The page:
Fiat researches a stepless transmission as a gas saver
Turin, Italy — The car looks like any other Fiat on the road. Yet it is one of 100 or more Ritmo 75s (Strada in the US) with what engineers call a continuously variable transmission.
In other words, instead of the usual three-step automatic transmission of most cars, the stepless-type has an almost infinite number of transmission ratios in an attempt to increase the gasoline mileage in a car.
"The increase in fuel mileage is in the area of 10 to 15 percent over the usual automatic transmission," contends Dr. Paolo Scolari, director of product engineering for Fiat. "It will be about the same as a manual transmission or maybe a little better," he adds.
Instead of putting the lever into "D," or drive -- as is the case with a normal automatic transmission -- I moved it into "SD" . . . and away I go. To get more pickup -- for passing another vehicle, for example -- I throw the lever to the left. After passing, I move it back to the right.
At least 100 cars now are in the hands of Italian motorists, including taxi drivers, who have agreed to go along with the test.
Whether the stepless transmission will ever go into production, of course, no one really knows. Fiat engineers seem very buoyant on its future and predict the system will actually be on the road in volume in the next three or four years. Other automobile companies, both in Europe and the US, aren't so sure.
"We are still investigating the concept," asserts Dr. Wolfgang Lincke, research and development chief for Volkswagenwerk AG, "but it is very probable we will never use it."
There are just too many problems, including gearbox friction loss, engine noise, and the behavoir of the car under way, he reports. Still, a university group in West Germany now developing a car under contract with the West German government will have an electronically controlled stepless mechanical transmission, according to Dr. Lincke.
Nonetheless, the system "still has a long way to go," in the view of the R&D director for VW.
Backing up Dr. Lincke's assessment is Vw's Dr. Ulrich W. Seifert, who told the Automotive News World Congress in Detroit last July: "Even though some progress has been made, the present efficiency of such transmissions is still so low that some of the gains are eliminated on the engine side."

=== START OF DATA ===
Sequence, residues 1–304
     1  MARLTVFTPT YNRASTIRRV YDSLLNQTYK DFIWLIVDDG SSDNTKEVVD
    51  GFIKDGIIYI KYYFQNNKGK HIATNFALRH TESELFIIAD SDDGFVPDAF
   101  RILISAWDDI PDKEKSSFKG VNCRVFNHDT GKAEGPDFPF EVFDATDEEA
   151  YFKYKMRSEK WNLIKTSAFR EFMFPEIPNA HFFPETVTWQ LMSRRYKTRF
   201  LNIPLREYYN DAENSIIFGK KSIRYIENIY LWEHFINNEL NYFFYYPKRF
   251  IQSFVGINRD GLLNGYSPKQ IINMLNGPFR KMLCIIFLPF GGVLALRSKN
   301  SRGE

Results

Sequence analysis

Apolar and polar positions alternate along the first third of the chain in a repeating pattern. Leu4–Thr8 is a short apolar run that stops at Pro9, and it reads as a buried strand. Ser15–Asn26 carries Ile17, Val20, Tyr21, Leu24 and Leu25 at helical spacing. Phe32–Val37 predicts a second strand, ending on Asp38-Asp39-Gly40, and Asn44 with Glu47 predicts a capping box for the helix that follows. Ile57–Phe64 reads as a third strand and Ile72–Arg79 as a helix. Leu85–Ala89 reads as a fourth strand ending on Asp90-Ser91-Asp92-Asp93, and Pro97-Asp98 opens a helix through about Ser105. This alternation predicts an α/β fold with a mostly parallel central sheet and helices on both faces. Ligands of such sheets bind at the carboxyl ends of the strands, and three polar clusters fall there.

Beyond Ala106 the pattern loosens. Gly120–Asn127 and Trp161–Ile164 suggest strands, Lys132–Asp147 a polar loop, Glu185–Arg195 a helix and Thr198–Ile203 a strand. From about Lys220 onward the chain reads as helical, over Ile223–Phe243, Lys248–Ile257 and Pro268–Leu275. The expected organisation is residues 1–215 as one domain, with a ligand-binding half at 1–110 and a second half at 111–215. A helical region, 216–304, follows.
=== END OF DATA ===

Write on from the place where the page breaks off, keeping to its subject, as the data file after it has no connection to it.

Fiat is developing the stepless concept in tandem with Borg-Warner in the US and the Dutch firm of Van Doorne Transmissie.
Van Doorne had provided an earlier version of the system to DAF, the Dutch vehiclemaker, which later sold its auto operation to Volvo while International Harvester took over the trucks.
The Fiat system uses a steel belt, unlike the earlier DAF system which relied on a rubber belt.
Durability was never a problem even with the DAF system, however. "The DAF had good durability," notes Dr. Lincke of VW, adding: "I don't see any problem with durability in principle. However, to pin-point the weak points of any new systems, and then improve the design, takes time."
The Fiat system uses two variable-diameter pulleys with a steel belt between them. From the starting of a vehicle to top speed, the diameter of the pulleys varies from one extreme value to the other, therefore bringing about a continuous variation in the transmission ratio.
The steel belt is the most interesting structural feature of the transmission , according to Fiat.
It consists of a series of high-resistance steel blocks strung on a steel band. There are, in fact, several concentric bands with a thickness of around one-tenth of a millimeter.
Each belt has some 300 blocks, each having a trapezoidal shape so as to ensure that they fit correctly into the slots of the pulleys.
The centrifugal clutch in the current version of the system may be a problem, admits Mr. Scolari of Fiat. However, the Italian carmaker is planning to switch to another clutch system which will improve the operation of any future cars with this type transmission.
Too, future versions of the car will be designed for low-rpm city-type driving, thus improving the behavoir of the car in making tight corners, parking , and the like.
If the system does indeed go into production, it will be available for cars with engines up to 2 liters, according to Mr. Scolari.
The stepless transmission is just one system which European carmakers are evaluating in an effort to sharply increase the mpg under all types of driving conditions on the road.
Together, they should significantly reduce the fuel consumption of the "cars of tomorrow.